It’s also far from clear whether major markets could easily process a blip in growth data or corporate profits. Many observers already see this growth cycle as long in the tooth. However, we suspect it can continue for a while yet, and at least until central banks squeeze harder. And any signs of softness in growth when the cycle is well-advanced are at least open to the interpretation that they are the beginning of recession.
Many observers already see this growth cycle as long in the tooth.
Let’s be clear: recession is not our forecast, but it’s easy to see how markets could extrapolate from a perfectly normal period of more subdued growth to reach an overly negative conclusion – it would not be the first time. Markets certainly don’t appear priced for such a risk, and could be unusually vulnerable to a run of bad data.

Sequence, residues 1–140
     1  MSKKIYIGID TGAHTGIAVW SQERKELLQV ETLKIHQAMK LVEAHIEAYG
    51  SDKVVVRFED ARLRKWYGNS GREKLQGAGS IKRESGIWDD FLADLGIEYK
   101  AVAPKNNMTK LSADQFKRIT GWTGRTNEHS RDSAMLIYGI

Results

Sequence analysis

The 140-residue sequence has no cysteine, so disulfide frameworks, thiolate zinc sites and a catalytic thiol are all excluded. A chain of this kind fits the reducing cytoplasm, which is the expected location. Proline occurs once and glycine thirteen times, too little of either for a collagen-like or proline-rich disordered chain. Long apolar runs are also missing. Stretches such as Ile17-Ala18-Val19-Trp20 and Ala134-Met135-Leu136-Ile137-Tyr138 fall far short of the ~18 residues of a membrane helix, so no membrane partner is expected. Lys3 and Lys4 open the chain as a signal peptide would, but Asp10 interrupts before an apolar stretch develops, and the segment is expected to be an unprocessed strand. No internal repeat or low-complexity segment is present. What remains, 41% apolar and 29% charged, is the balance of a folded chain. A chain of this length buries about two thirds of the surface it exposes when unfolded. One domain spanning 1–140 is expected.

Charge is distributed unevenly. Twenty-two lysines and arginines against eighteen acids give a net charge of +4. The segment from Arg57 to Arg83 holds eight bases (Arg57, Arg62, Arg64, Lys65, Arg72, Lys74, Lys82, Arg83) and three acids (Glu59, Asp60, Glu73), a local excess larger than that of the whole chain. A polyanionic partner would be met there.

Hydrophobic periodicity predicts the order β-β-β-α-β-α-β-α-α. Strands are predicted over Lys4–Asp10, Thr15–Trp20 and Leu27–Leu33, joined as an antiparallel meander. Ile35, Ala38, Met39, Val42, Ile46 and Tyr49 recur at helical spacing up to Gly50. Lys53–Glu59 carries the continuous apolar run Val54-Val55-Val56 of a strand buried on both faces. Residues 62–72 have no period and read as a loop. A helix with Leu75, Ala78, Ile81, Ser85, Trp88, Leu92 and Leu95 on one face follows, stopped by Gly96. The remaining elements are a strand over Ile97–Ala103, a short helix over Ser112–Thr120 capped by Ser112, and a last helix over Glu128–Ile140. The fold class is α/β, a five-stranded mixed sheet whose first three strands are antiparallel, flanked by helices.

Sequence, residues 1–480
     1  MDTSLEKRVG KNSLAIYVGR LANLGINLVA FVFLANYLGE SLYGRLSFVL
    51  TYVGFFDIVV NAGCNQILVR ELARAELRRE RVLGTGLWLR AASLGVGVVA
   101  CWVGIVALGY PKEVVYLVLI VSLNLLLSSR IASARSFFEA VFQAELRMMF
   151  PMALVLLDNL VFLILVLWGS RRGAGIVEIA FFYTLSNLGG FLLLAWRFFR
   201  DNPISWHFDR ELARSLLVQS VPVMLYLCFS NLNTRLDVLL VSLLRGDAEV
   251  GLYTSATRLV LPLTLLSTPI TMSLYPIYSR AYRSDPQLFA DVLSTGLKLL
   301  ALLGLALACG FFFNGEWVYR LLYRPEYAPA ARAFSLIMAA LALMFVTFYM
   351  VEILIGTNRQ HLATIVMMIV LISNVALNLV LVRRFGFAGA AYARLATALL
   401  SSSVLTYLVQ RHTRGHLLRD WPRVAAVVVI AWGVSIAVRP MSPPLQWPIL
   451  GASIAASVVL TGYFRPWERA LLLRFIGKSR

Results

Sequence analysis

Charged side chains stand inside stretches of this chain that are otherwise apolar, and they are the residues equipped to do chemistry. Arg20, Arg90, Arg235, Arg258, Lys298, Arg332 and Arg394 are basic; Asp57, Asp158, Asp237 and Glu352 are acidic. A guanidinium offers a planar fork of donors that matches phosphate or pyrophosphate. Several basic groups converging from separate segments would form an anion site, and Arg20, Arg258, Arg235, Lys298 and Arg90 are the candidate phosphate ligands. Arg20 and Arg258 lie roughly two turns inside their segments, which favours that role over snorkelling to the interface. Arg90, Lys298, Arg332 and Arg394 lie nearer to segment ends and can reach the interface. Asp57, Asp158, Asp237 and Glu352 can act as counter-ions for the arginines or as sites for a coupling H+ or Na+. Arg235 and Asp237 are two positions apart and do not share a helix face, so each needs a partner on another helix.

Portfolio positioning currently is a matter of carefully calibrating between supportive economic conditions on the one hand, and on the other demanding asset valuations, strong market momentum and extraordinarily low equity volatility. We don’t yet see widespread characteristics that might be consistent with a major market top. This suggests it’s too early to retreat to safe havens alone. Instead, we aim to strike a slightly cautious stance, preparing for some volatility by holding somewhat lower than usual exposure to risky assets, but respecting the market’s strong current momentum.
Deputy Chief Investment Officer